USE OF ARBITRATION IN CROSS-BORDER M&A DISPUTES
In recent years, the mergers and acquisitions (M&A) market has shown steady signs of recovery from the effects of the global financial crisis. According to a survey of over 1000 M&A professionals conducted by KPMG, 63 percent of those surveyed said they were planning acquisitions in 2014. Respondents cited large cash reserves, opportunities in emerging markets and the availability of credit on favourable terms as the key drivers of deal activity. Research conducted by Deloitte suggests that the surge in deal activity is set to continue into 2015. Eighty-four percent of 2500 corporate and private equity respondents surveyed reported that they anticipated a sustained pace of M&A activity over the next 24 months. This optimism has been shared by leading law firms, which have also predicted significant M&A activity going forward. Accordingly, extensive activity is expected across a wide range of sectors, including the financial services, energy, healthcare and TMT industries.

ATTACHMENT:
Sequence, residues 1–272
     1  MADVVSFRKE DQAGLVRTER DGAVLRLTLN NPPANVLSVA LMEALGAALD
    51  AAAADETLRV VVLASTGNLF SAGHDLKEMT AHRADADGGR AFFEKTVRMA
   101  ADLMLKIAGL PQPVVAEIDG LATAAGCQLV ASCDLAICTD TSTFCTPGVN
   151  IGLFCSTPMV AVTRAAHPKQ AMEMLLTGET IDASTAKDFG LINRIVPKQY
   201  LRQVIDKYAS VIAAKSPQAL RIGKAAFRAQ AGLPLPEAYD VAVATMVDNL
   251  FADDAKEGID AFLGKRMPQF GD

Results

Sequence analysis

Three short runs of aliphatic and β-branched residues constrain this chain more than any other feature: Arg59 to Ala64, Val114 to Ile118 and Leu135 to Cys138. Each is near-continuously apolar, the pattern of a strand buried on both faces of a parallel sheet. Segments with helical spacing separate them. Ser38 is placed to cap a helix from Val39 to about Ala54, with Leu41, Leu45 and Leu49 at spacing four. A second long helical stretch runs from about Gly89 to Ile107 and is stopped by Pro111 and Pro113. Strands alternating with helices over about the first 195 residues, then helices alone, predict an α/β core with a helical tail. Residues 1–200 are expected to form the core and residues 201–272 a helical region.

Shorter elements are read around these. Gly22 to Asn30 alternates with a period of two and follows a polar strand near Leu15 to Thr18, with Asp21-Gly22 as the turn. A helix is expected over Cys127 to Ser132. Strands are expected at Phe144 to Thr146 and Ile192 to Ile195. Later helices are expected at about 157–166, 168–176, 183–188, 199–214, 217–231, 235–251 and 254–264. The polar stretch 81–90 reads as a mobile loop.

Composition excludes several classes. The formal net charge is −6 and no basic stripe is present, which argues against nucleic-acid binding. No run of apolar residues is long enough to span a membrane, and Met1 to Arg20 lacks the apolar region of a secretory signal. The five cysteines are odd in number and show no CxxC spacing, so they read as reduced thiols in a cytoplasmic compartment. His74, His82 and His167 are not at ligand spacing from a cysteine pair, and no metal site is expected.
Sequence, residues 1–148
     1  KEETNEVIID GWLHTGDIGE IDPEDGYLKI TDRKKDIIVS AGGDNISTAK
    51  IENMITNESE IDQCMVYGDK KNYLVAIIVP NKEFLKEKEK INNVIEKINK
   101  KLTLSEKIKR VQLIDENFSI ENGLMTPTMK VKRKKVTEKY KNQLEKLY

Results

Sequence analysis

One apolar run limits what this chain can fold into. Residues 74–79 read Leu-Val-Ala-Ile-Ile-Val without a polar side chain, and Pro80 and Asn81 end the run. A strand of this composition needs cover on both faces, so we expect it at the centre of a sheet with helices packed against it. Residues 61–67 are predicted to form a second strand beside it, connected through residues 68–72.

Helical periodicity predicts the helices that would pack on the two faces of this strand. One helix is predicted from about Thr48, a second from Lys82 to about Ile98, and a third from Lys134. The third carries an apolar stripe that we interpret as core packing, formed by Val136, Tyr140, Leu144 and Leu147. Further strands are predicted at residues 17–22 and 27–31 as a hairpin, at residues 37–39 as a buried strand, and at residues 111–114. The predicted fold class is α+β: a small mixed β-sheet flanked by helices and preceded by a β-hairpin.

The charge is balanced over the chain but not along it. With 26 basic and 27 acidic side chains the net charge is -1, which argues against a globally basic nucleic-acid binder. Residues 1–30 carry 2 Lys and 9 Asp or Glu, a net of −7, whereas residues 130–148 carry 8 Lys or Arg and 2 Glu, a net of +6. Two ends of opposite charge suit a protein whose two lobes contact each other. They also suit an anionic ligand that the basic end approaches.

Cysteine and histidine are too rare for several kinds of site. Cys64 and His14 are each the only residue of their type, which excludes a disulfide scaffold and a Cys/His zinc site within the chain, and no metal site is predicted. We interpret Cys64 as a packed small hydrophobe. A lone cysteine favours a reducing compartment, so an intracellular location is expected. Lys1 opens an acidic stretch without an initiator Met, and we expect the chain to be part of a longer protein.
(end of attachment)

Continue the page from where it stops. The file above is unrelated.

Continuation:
Arbitration clauses are now a regular feature of M&A contracts, particularly those of an international nature. A trend has emerged of subjecting M&A disputes to arbitration. For example, the €480m dispute between Philips and Funai Electric over a failed sale of the former’s consumer multimedia entertainment business is just one of a number of high-profile M&A cases which has seen one of the companies involved turn to arbitration over a soured acquisition.
In Hong Kong, the number of M&A disputes administered by the Hong Kong International Arbitration Centre (HKIAC) rose by more than half from 2012 to 2013. However the actual number of deals that have been resolved by arbitration could potentially be far higher as a number of cases are often resolved by ad hoc arbitrations in Hong Kong.
Jan-Mar 2015 issue
Hong Kong International Arbitration Centre